The principle in CRD3 is that between 40 and 60 per cent must be deferred, with a higher level of deferral the greater the amount of variable pay. Clawbacks would operate during the deferral period. The Remuneration Code says that “a reasonable starting point” is that at least two thirds of a bonus should be deferred where it is significant compared to salary and so in this respect the relevant CRD3 principle (based on G20 principles) seems less strict than the Remuneration Code. It is therefore possible that the FSA may propose that the deferral limits in the Remuneration Code are scaled back.
On the other hand, CRD3 provides that full payment should not be received within 5 years of the performance year in question and vesting should be pro rata each year. In contrast, the G20 guidelines and the Remuneration Code simply refer to at least a three year deferral and it will be interesting to see whether or how the FSA decides to change the Remuneration Code to deal with this.
- What about the up-front bonus?
Press releases have been adamant that only 20% to 30% of bonuses could be received in up-front cash. The various original European Parliament Committee proposals were much harsher. The reasoning for describing a 20% to 30% limitation seems to be a provision in CRD3 that at least 50% of variable remuneration consists of shares or “contingent capital” (i.e. debt instruments which convert to equity) since only 60% to 40% of a bonus can be paid up-front, and only half of that can be paid in cash as opposed to shares/debt. This then means only 20% to 30% can be paid in up-front cash. However, the wording of CRD3 would seem to allow a bank to pay out a bonus in cash first and only then pay out in shares later rather than have to pay pro rata. Whether this will be permitted by the FSA is quite another matter. Accordingly, how the 20% to 30% up-front cash restriction emerges will be eagerly awaited.
The Remuneration Code currently does not require payment in either shares or debt. It says that this may be suitable, but does not go as far as CRD3, which requires at least 50% to be paid in this way.
The UK’s high tax rates also make for an interesting analysis of the payment schedule. Let us say someone is awarded a bonus amount of 100 (and there is no other variable remuneration e.g. options, restricted stock or LTIP arrangements). If his up-front bonus is equally split between cash and shares which cannot be sold for 2 years, then presumably the cash payment needs to be fully used to pay the tax due (at 50%) on the overall cash and shares amount, and so no cash is received. Additional employee’s NICs at 2% might mean that the employee needs to use his own cash resources to pay the tax due! It is therefore hoped that employees will be able to sell shares otherwise restricted to meet tax liabilities.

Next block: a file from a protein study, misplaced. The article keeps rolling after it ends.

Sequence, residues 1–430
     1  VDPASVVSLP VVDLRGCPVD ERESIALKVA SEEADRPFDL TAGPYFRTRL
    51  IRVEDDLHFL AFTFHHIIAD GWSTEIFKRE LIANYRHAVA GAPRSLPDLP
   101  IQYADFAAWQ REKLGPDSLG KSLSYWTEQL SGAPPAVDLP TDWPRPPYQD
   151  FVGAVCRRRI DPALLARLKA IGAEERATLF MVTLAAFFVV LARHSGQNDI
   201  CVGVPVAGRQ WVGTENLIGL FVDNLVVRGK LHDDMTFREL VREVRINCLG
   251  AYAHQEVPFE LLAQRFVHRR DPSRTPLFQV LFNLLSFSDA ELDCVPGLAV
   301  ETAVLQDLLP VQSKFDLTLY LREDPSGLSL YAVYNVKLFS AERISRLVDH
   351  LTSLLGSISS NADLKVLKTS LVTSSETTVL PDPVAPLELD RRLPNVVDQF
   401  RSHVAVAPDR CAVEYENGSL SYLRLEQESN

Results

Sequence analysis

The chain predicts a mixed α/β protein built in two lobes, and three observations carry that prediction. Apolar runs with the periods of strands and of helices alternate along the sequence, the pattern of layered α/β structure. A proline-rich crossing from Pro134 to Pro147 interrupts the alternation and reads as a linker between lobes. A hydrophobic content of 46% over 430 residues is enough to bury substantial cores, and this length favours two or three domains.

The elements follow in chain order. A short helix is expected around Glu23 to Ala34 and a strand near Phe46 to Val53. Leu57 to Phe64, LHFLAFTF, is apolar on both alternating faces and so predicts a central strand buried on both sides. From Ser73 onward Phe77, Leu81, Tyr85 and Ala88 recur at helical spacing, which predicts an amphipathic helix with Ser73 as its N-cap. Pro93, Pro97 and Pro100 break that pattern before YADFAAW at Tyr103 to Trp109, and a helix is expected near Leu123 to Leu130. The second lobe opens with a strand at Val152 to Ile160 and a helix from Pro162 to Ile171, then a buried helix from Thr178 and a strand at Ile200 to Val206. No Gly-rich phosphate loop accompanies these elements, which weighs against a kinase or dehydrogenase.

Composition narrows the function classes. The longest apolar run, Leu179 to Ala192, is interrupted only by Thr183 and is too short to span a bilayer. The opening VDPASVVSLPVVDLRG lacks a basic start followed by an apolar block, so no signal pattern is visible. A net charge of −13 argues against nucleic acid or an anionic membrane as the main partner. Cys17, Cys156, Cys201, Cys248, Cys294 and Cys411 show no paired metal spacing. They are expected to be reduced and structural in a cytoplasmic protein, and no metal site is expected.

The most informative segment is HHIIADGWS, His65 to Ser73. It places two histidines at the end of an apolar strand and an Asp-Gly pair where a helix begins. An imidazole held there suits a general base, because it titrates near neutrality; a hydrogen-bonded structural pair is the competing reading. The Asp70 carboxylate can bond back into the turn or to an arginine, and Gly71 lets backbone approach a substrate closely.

These and other issues will all have to be addressed by the FSA in its consultation paper.
- Which firms and employees are caught?
The Remuneration Code currently applies to the top 26 banks, broker dealers and building societies. CRD3 applies to all credit institutions and all investment firms which are caught by the Capital Requirements Directive, albeit that not all of the remuneration provisions will apply to all firms within scope due to the principle of proportionality. As stated above, a key point for the FSA’s review will be whether it will extend its Remuneration Code to more entities if it feels it is appropriate to do so (and bearing in mind that the AIFM Directive may have similar provisions to CRD3 when it is implemented).
In terms of the employees caught, the provisions in CRD3 and the Remuneration Code both focus on those in management affecting risk and those on similar levels of remuneration (this latter point is not explicit in the current Remuneration Code although it is expected that this will become so in the revised version to be issued later this year).
Additional provisions in CRD3 require that financial penalties can be enforced by Member States for “risky remuneration”. It also provides for public disclosure of remuneration details, but the Financial Services Act already provides for this to occur in the UK.
What provisions proposed by the European Parliament committees were not approved by the full Parliament?
Two key provisions were completely dropped in addition to others which were substantially moderated. The provisions which were dropped were a provision limiting variable pay to 1 times salary which, if implemented, would have sent shockwaves around the financial services world, and a provision preventing variable remuneration at an entity benefiting from exceptional state support. In both cases, variable remuneration must now be “appropriate”, which seems a better solution.
What further work is going to occur?